Has there been an eleven cylinder motorbike? Possibly, but I can't find it, and for that I am profoundly glad.
This is really getting away from me. I have several stories open in Firefox tabs, several more waiting to be opened, and there's almost a complete row of tabs. At this point, I'm not sure if this represents an increase in accidents or an increase in reporting.
From the Courier Mail, May 31: Two injured after a motorcycle and a car collide in Townsville.
That is a slightly odd headline. Using the indefinite article twice looks like a slightly clumsy attempt at correct grammar, and one which headlines usually ignore in favour of brevity. The headline also doesn't say who was injured, leaving the reader to assume it may have been the driver and the rider.
Actually, no: Two young men on the bike, aged 25 and 20, both received compound fractures.
The five paragraphs in this story contain enough information for three solid paragraphs, and any mention of circumstances, or even the apparently usual "The driver of the car was unhurt", is not included.
There was an odd formatting error in the web page, however.
It feels rushed, both in writing and posting.
Next up, also from the Courier Mail, is Woman killed in Townsville crash between motorbike and truck (June 01).
Interestingly, not only is this article better written, but includes an inline link to the approximate address on Google Maps. Which is, unsurprisingly, a major intersection, although there is no information given about what each vehicle may have been doing.
The interesting thing about this collision is that it was at 11am - everybody should have been awake, and it was no longer rush hour.
In contrast to a great many stories I've covered in this series, this one didn't contain any more information but was better written and presented.
Still from the Courier Mail, Man dies in motorcycle crash in Toowoomba, from June 14.
Seven paragraphs here, and surprisingly they're not all wasted - largely because only five of them are dealing with the accident.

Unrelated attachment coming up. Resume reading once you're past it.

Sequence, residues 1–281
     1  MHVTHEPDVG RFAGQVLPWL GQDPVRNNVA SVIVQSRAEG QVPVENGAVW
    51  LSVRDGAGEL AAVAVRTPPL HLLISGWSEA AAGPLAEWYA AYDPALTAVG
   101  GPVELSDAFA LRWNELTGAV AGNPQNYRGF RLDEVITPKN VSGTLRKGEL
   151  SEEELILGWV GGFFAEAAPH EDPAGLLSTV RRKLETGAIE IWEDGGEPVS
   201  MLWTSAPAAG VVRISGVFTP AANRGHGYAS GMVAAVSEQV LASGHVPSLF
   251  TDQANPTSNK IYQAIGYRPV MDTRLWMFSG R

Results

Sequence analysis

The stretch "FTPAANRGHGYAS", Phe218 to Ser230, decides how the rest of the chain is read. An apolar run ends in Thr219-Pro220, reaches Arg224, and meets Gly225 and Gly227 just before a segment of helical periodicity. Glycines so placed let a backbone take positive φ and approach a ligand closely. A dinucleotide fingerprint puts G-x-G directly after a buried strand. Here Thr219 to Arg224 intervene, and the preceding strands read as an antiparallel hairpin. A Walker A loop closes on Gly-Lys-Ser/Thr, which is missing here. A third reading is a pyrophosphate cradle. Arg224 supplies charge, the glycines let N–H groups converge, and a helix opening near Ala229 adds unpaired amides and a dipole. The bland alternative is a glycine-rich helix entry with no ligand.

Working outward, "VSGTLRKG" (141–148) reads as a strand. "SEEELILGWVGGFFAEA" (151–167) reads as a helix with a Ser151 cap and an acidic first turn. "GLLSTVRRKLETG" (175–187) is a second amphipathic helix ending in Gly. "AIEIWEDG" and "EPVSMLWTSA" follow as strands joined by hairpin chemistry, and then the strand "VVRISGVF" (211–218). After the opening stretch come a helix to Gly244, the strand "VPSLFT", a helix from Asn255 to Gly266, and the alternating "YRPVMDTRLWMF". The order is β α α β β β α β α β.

6pm - dark, rush hour - a ute was waiting to turn right across traffic from a multi-lane road.
Traffic behind the vehicle was merging into the left lane but the motorcycle failed to merge and crashed into the back of the ute.
I can't really fault this article beyond putting "slamming into" in the opening paragraph.
I do have to question whether the ute had its lights on, and how the rider had a big enough lapse in concentration to crash into the back of it.
Since he was DOA at the hospital, we'll never know.
The last two paragraphs of the story are:
The fatality takes Queensland's 2010 road toll to 107 lives lost, including 20 motorcyclists.
At the same time last year 166 people had died on Queensland roads, 36 of them motorcyclists.
My personal wish is that any politician who gets up and says "This proves that being tougher on speeding saves lives" gets forced to write out "Correlation does not prove causation", 10,000 times or until they cry for mercy.
And if anybody has done an in-depth analysis of all the road-safety factors in recent years, I would love to know about it.
I'll finish with one more article, from the Ipswich-based Queensland Times: Motorcyclist airlifted to hospital, June 28, a headline so terse it's frustrating.
Five paragraphs, the last of which is "A spokesman for RACQ CareFlight said she was in a stable condition."
Essentially, a woman was riding a motorbike by herself at 9.45am on a Saturday morning when she "fell off her motorbike going around a corner."
Near the Maroon Dam probably means the Boonah Rathdowney Rd, which looks rather interesting and is immediately on my list of places to visit one of these days. From the look of the road, I'd say the usual suspects apply: oil, leaves, gravel, running out of talent.
Thankfully she's not dead, but suspected spinal injuries is nothing to be grateful for. I'm wondering why she was taken to the Toowoomba Base Hospital, not Ipswich or even Gold Coast - prevailing winds may have decided the pilot, for all I know.
For a nice change, this article is written in a very readable style instead of over-terse news-ese, and couldn't really include more information without actually talking to the woman, who was probably highly sedated at the time.
Four stories, none of them saying enough but, on the other hand, none of them really getting anything majorly wrong, either.